The Lions and Bears showed their coaches the door. Bruce Arians of the Cardinals found it himself. And Vance Joseph of the Broncos remained gainfully employed despite enduring the sort of season that doesn't go down well in Denver. What is traditionally the NFL's biggest day for firings, "Black Monday," started with a flurry when Detroit canned Jim Caldwell and Chicago did the same to John Fox, both before noon.
The Lions and Bears showed their coaches the door. Bruce Arians of the Cardinals found it himself. And Vance Joseph of the Broncos remained gainfully employed despite enduring the sort of season that doesn't go down well in Denver.
What is traditionally the NFL's biggest day for firings, "Black Monday," started with a flurry when Detroit canned Jim Caldwell and Chicago did the same to John Fox, both before noon.
"Today is the tough part of our results-oriented business," said Fox, whose team went 14-34 and finished last in all three of his seasons in Chicago.
He and Caldwell, who went 36-28 in four seasons but didn't win a playoff game, joined Jack Del Rio of the Raiders and Chuck Pagano of the Colts, whose owners didn't even wait until the calendar turned, choosing to sack them after their games Sunday.
But that was it.
Arians, who has been dealing with health problems, including a bout with kidney cancer, announced he was leaving Arizona, though that was widely expected.
In a teary news conference, the 65-year-old Arians called his stay in Arizona, which included 49 victories over five seasons "a great ride." Sporting his trademark cap and toying with his grey goatee, Arians said an eye opener came over the summer when his wife told him his son, Jake, was soon to turn 40.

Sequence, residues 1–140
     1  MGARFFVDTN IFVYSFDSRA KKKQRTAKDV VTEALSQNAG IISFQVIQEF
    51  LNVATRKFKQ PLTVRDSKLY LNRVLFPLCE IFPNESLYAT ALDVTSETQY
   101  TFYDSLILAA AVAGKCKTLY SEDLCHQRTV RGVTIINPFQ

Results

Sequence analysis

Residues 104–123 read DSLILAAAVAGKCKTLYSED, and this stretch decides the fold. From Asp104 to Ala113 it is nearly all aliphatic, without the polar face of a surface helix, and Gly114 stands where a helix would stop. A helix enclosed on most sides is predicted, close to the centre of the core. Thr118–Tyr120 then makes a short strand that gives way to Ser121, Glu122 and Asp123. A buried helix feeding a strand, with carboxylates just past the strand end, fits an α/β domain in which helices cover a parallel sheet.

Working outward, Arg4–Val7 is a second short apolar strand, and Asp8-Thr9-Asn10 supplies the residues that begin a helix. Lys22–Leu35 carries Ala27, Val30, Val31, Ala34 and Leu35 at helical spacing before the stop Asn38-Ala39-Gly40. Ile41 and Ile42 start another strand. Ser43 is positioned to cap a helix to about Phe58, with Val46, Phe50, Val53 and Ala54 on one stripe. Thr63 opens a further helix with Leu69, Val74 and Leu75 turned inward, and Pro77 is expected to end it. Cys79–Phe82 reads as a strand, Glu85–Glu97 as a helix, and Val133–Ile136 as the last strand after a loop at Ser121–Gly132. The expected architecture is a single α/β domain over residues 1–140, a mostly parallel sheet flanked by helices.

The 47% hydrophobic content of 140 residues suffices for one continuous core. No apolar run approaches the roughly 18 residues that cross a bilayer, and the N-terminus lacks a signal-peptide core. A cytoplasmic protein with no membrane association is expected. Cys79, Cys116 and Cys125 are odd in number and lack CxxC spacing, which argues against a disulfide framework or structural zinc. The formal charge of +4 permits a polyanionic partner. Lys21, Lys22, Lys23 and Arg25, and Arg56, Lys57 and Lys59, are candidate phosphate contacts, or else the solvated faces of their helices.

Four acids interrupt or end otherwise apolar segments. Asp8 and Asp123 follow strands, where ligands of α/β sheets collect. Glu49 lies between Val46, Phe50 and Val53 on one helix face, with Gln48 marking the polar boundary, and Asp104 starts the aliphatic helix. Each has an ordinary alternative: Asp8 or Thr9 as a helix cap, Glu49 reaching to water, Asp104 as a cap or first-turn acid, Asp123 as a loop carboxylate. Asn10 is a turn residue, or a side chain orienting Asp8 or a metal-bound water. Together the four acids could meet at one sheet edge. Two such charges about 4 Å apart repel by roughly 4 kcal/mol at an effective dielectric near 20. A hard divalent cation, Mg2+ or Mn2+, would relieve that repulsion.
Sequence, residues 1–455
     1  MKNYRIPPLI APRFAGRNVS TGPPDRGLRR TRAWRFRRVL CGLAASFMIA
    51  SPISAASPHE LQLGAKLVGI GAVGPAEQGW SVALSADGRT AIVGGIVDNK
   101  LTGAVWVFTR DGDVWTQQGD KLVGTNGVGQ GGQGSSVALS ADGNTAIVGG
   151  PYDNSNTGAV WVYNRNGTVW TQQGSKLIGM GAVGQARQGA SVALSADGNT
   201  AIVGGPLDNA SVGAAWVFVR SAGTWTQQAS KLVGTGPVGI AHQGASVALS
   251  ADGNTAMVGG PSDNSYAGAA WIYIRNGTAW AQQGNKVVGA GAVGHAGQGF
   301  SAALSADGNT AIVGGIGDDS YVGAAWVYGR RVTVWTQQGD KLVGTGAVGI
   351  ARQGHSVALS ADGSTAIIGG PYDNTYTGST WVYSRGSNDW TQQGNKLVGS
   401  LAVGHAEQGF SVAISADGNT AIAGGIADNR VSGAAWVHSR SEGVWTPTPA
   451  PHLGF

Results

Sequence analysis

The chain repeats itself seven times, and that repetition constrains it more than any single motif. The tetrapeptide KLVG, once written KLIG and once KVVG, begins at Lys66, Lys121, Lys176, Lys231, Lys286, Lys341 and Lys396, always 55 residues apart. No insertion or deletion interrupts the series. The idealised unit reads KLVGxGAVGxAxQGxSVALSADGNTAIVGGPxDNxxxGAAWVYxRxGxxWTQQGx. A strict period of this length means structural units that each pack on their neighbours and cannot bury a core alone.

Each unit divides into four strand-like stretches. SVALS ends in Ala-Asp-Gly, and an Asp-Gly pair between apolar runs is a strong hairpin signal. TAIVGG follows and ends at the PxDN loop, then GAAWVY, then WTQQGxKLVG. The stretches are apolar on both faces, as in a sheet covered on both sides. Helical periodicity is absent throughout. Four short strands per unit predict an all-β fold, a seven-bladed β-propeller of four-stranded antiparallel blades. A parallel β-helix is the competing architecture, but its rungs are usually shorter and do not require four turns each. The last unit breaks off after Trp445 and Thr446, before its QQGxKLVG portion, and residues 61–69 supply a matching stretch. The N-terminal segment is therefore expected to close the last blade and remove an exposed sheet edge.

"It hit me like a ton of bricks, that I missed all that time," Arians said. "That's the culture. I probably wouldn't change anything."
Joseph, a rookie head coach who oversaw a 5-11 season that included an eight-game losing streak, was on the hot seat. But his boss, John Elway, slept on it and decided to keep Joseph and not begin a search for the team's fourth coach in five years.
"We believe in Vance as our head coach," Elway tweeted . "Together, we'll put in the work to improve in all areas and win in 2018."
The Marvin Lewis situation in Cincinnati — well, it's complicated. Lewis completed his 15th season with the Bengals, and conventional wisdom held that he might not be asked to return. He met with owner Mike Brown on Monday, but no conclusions were reached. Lewis said the decision was more complicated than management simply asking him back, and that the owner and the front office need to be on the same page.
The five vacancies (six counting the Giants, who fired Bob McAdoo earlier in December) naturally triggered a flurry of speculation about which assistant coaches might be moving on to take over the teams.
Panthers defensive coordinator Steve Wilks confirmed that the Colts, Lions and Giants had asked him to interview. Patriots coordinators Josh McDaniels and Matt Patricia were, as usual, on a number of lists, and Eagles defensive coordinator Jim Schwartz was considered one of New York's top candidates.
Maybe most intriguing was the prospect of Jon Gruden leaving the broadcasting booth and returning to the Raiders. ESPN reported that Raiders owner Mark Davis was trying to lure Gruden back to the sideline with an offer that could include an ownership stake.
In Houston, Texans general manager Rick Smith said he would leave the team for at least a year while his wife, Tiffany, fights breast cancer. There had been speculation that coach Bill O'Brien might lose his job, though it appeared O'Brien would stay on. Smith dismissed the notion that he and O'Brien don't get along, saying they have a great working relationship.
"We continue to do that and that's another reason why this is a decision that I can make," Smith said.